Perpetual Building Association (1958)
8700 Georgia Avenue
Silver Spring, Maryland
Date of Construction: 1958
Architect: W.G. Knoebel (chief architect) for Bank Building & Equipment Corporation of America; Robert O. Scholz, local architect, Washington, D.C.
Washington D.C. had an explosion of growth following World War II, that necessitated five times the average investment in building and loans than the rest of the country. It was in this environment that the Perpetual Building Association became the Washington, D.C. area's largest savings and loan. The role of Perpetual in both D.C. and suburban mortgage lending, dwarfed that of DC's largest banks let alone the two smaller banks that existed.
Perpetual's general real estate loan activity was restricted to a radius within 50 miles of its branches. Furthermore, Perpetual's Federal Housing Authority (FHA) loans were subject to a 100-mile radius. Because of the economic trend favoring the Maryland suburbs, it is predictable that Perpetual would have issued more loans in Maryland than D.C. It is particularly likely that a significant portion of the Montgomery County mortgages were focused on the Silver Spring area, since one of Perpetual's two Montgomery County branches was located in Silver Spring, an area of intensive postwar growth. Until 1980, the Silver Spring location was one of a four suburban branch offices.
With the significant influence that Perpetual built up in the region, the association began to also become a dominant force in changing social policy by setting an example. As an example of this, Perpetual was the first savings and loan to establish policy to make color-blind loans, meaning they would provide loans to African-Americans to purchase homes in any neighborhood, including all or partially-white neighborhoods in the D.C. area, whereas other associations feared to do so. As such an institution, they became a dominant force in D.C. suburban and home finance, particularly in the suburbs where their role became greater than banks.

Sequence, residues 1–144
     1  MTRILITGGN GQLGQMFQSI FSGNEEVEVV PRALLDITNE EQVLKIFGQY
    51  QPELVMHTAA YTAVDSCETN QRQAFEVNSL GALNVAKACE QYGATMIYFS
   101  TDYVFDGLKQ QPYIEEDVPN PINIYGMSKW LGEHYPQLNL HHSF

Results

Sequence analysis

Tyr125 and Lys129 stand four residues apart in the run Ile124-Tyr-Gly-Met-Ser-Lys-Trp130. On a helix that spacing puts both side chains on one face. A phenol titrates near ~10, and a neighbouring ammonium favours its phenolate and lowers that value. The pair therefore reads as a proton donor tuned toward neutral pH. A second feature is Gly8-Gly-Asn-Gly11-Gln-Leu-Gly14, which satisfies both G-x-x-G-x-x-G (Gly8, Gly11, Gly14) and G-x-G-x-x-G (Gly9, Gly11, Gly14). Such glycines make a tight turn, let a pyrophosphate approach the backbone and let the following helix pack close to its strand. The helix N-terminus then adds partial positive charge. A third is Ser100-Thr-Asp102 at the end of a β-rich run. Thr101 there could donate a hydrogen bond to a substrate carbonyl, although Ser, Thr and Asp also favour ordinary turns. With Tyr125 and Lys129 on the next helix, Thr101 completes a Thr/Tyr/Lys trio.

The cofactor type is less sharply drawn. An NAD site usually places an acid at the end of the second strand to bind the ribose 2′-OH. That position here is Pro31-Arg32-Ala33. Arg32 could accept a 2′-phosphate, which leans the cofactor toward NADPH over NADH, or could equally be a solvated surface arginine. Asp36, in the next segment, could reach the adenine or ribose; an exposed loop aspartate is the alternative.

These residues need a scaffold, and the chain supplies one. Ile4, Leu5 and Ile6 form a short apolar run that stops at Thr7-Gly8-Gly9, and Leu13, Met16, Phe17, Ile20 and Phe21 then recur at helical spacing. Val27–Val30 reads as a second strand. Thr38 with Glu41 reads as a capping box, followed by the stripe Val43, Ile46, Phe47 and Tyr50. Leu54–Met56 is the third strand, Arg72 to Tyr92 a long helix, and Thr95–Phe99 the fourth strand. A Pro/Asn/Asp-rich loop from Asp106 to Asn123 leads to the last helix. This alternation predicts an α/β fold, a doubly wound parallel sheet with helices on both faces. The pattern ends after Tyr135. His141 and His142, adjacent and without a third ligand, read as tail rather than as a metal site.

In addition, Perpetual was the first S&L in the D.C. area to appoint an African-American to its Board of Directors, William S. Harps. Even into the 1960s, Perpetual was the lead S&L urging others to take a more active role in solving "urban problems," and which they accomplished under Perpetual's leadership.
The Silver Spring Perpetual was at the center of much of this activity. The structure was built to not only handle the amount of business in the growing suburban communities, but also to represent the economic status of it in order to attract customers.
As a branch office, it represented a new building type for Montgomery County. But by establishing a recognizable design for its bank buildings with the assistance of the Bank Building & Equipment Corporation of America, Perpetual created a recognizable, branded design beyond logos and signage.
By 1959, despite a $10 million increase in assets, Perpetual dropped from being the fourth to the fifth largest savings and loan in the country. Even by 1960, Perpetual was one of only about 12% of savings and loans that had branch offices. Perpetual remained the largest savings and loan in the east until 1963 when it was overtaken by Detroit savings and loan.
Perpetual wanted to take on the same pioneering role in banking architecture that they had in regional S&L finance and social change. Enlisting the Bank Building & Equipment Corporation, the era's most recognizable name for designing unique structures for the financial industry, collaborated with Washington, D.C. architect Robert O. Scholz who assisted in designing Perpetual's signature buildings. The Robert O. Scholz Company also served as contractor for the project.
Though it was in the planning stages since 1956, the Silver Spring branch office opened to the public in January 1958 with the branded style of the institution but with a few unique features for this location. From it's opening, the $1.5 million structure served as a visual anchor in the community at the corner of Georgia Avenue and Cameron Street. Constructed of steel and granite, Perpetual is one of the monumental structures of the city. In detail, the building is Geometric Modern style with influence of Classical, Art Deco, and Egyptian Revival styles.